Shortness of Breath?
AnonymousJune 1, 2006 at 8:54 am
Would like to know if any of you experience shortness of breath?
I recently found an article that states: “Some of the nerves affected by GBS are essential to lung function and breathing and that may account for developing shortness of breath.”
I seem to be prone to bronchitis and pnemonia and wondered if that may contribute to those conditions.
AnonymousJune 1, 2006 at 9:14 am
Bacteria love warm damp places. Your lungs are just such a place if you do not air the lungs out on a regular basis. Shallow breathing will leave dampness in the lungs and provide a breeding ground for bacteria and pneumonia.
GBS will affect the diaphragm and rib muscles which control the depth of breath. The good news is that most people who had GBS have a full return of these muscles after awhile. In the mean time, you may want to talk to a respitory therapist and develope some breathing exercises to air out your lungs.
AnonymousJune 1, 2006 at 9:22 am
hi bonnie, i have breathing problems also. i’m very prone to penumonia, bronchitis, pleurisy and asthma. i have found during bad times (paralysis events) or when i’ve over done things, i have more problems breathing. i get winded just bending over to tie my shoes. i find, especially with the weather we are having, to be in air conditioned places helps. the heat and high humidty seems to make breathing harder since having gbs. i have to use inhalers more and take it easy, especially when its hot out. i have been lucky each time i was paralyzed i was on the line between vent and no vent, when i did dip below the line i suggested using breathing treatments to make breathing easier and it worked. since gbs, i feel the muscles of my diaphram aren’t working as they should, just enough to get me by somedays. actually that is just one of my “over the limit” warning signs, when i have shortness of breath i know i have gone overboard and need to relax and rest. take care, i hopw we get some nice weather soon, no rain and temps in the 70s would be nice. 🙂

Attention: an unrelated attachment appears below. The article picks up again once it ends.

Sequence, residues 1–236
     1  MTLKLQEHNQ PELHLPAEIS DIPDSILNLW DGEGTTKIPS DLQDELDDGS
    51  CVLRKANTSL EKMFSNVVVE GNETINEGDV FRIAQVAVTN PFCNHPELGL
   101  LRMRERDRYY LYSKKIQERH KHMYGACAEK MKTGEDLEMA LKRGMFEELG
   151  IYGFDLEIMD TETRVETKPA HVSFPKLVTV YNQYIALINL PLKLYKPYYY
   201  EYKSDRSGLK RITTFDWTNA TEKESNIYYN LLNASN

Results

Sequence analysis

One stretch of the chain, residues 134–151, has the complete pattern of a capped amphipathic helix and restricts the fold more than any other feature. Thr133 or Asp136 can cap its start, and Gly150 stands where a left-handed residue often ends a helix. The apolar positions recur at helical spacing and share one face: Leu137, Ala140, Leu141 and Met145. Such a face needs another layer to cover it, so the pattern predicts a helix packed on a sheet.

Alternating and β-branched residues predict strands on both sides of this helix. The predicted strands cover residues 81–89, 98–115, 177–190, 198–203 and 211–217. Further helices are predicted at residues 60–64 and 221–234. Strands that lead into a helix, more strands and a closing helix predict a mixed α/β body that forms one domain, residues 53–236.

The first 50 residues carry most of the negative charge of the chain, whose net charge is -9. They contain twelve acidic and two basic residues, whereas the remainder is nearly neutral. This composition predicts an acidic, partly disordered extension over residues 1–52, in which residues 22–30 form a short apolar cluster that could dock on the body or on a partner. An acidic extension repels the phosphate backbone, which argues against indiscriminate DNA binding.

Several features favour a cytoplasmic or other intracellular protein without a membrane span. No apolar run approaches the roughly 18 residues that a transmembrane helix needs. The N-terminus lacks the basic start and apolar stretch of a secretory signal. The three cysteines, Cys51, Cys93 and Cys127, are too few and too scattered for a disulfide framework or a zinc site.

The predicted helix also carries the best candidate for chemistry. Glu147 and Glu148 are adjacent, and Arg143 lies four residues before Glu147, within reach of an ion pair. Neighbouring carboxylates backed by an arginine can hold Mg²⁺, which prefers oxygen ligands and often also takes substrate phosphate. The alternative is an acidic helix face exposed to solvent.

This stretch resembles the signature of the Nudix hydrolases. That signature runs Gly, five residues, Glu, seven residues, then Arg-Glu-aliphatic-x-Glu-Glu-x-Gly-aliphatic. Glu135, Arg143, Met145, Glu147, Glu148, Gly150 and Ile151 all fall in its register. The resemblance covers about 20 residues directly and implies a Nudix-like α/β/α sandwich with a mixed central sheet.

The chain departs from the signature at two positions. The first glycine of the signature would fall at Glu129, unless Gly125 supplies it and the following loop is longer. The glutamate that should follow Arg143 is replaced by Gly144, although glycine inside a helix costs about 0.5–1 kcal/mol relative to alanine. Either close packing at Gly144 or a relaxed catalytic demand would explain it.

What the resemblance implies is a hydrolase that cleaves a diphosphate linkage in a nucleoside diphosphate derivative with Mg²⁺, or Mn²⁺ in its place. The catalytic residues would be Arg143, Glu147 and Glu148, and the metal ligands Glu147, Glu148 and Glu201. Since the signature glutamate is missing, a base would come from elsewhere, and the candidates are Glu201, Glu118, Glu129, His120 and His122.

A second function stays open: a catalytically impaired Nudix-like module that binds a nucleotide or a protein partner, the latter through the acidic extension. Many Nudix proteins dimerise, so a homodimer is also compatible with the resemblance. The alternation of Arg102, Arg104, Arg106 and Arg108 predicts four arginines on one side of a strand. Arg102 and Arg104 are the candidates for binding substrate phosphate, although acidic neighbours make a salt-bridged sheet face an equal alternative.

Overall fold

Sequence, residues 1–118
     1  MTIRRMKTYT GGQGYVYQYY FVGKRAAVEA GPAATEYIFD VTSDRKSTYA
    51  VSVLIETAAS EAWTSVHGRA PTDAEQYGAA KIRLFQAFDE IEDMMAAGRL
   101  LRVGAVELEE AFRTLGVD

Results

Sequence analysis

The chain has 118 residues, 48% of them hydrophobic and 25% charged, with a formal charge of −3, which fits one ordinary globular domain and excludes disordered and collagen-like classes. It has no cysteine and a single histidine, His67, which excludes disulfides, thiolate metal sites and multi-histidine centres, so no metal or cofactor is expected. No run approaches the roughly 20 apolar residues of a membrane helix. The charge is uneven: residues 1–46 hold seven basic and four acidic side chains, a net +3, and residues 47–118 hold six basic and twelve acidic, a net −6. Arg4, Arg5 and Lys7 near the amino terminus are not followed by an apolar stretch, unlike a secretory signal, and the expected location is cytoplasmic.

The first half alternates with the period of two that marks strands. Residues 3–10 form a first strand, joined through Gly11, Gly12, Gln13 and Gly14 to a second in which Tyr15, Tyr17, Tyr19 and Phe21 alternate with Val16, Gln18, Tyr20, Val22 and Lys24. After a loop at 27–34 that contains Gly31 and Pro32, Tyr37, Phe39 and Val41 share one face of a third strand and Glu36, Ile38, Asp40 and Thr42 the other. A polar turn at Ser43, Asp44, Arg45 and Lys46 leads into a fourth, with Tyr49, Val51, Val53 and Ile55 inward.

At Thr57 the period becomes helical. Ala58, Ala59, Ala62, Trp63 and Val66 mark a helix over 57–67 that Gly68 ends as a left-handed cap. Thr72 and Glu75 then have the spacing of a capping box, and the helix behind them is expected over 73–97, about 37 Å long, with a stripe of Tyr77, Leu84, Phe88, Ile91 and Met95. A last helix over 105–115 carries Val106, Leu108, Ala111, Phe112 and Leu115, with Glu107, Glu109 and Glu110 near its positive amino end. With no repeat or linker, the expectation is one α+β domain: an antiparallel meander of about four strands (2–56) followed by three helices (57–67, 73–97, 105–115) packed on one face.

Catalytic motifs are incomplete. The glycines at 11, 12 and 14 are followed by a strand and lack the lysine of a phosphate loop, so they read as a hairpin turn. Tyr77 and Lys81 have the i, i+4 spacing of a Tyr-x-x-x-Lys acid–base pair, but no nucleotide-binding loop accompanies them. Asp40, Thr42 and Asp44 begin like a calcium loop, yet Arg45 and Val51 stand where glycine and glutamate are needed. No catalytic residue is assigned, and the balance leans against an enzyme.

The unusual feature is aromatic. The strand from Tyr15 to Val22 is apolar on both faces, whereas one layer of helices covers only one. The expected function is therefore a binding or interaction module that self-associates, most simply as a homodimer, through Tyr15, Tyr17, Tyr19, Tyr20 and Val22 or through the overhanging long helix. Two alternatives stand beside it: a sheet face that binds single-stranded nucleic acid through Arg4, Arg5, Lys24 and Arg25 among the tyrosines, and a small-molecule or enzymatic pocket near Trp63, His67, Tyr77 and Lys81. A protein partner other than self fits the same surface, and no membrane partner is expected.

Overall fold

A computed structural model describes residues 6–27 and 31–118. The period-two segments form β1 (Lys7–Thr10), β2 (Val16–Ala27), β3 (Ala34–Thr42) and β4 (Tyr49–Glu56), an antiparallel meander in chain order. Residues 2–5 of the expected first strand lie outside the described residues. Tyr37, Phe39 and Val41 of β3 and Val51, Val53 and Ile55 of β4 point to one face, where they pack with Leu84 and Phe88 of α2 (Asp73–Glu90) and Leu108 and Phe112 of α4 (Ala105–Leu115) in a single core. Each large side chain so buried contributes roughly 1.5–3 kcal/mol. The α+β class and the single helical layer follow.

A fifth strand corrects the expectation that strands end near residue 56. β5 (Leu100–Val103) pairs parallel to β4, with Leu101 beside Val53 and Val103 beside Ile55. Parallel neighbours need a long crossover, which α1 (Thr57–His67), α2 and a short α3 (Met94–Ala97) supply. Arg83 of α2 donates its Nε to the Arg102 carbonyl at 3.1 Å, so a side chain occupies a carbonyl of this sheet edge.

AnonymousJune 1, 2006 at 9:16 pm
Boonie and Cheryl–I’m sending big hugs to you.
The past 12 months have been very, very bad for everyone with pulmonary problems. I had severe asthma/copd before GBS, and GBS made it much worse. I smoked from 1954-1990 and now regret every day of it.
I’ve been to “pulmonary camp” at Rusk Institute twice. The exercise helped; the lectures about “bad air out; good air in” did not.
Am on a number of meds (let me know if you want the names), drink lots and lots of water, use an oxygen machine and nebulizer. Massage also helps…respiratory therapists, even better. For my part, I have to get rid of the mucus plugs to get any relief.
AnonymousJune 2, 2006 at 7:49 am
I agree with Lee who stated “GBS will affect the diaphragm and rib muscles which control the depth of breath”. I had a tracheostomy for about 4+ months, worked my way off of it and over time strenghten my breathing capabilities. I too was a smoker like Marguerite, during the period of 1960 to 1990, and suffered accordingly. About 6 months after getting off the trach, I was back to normal although from time to time I cough up muscus more than before becoming ill with GBS.
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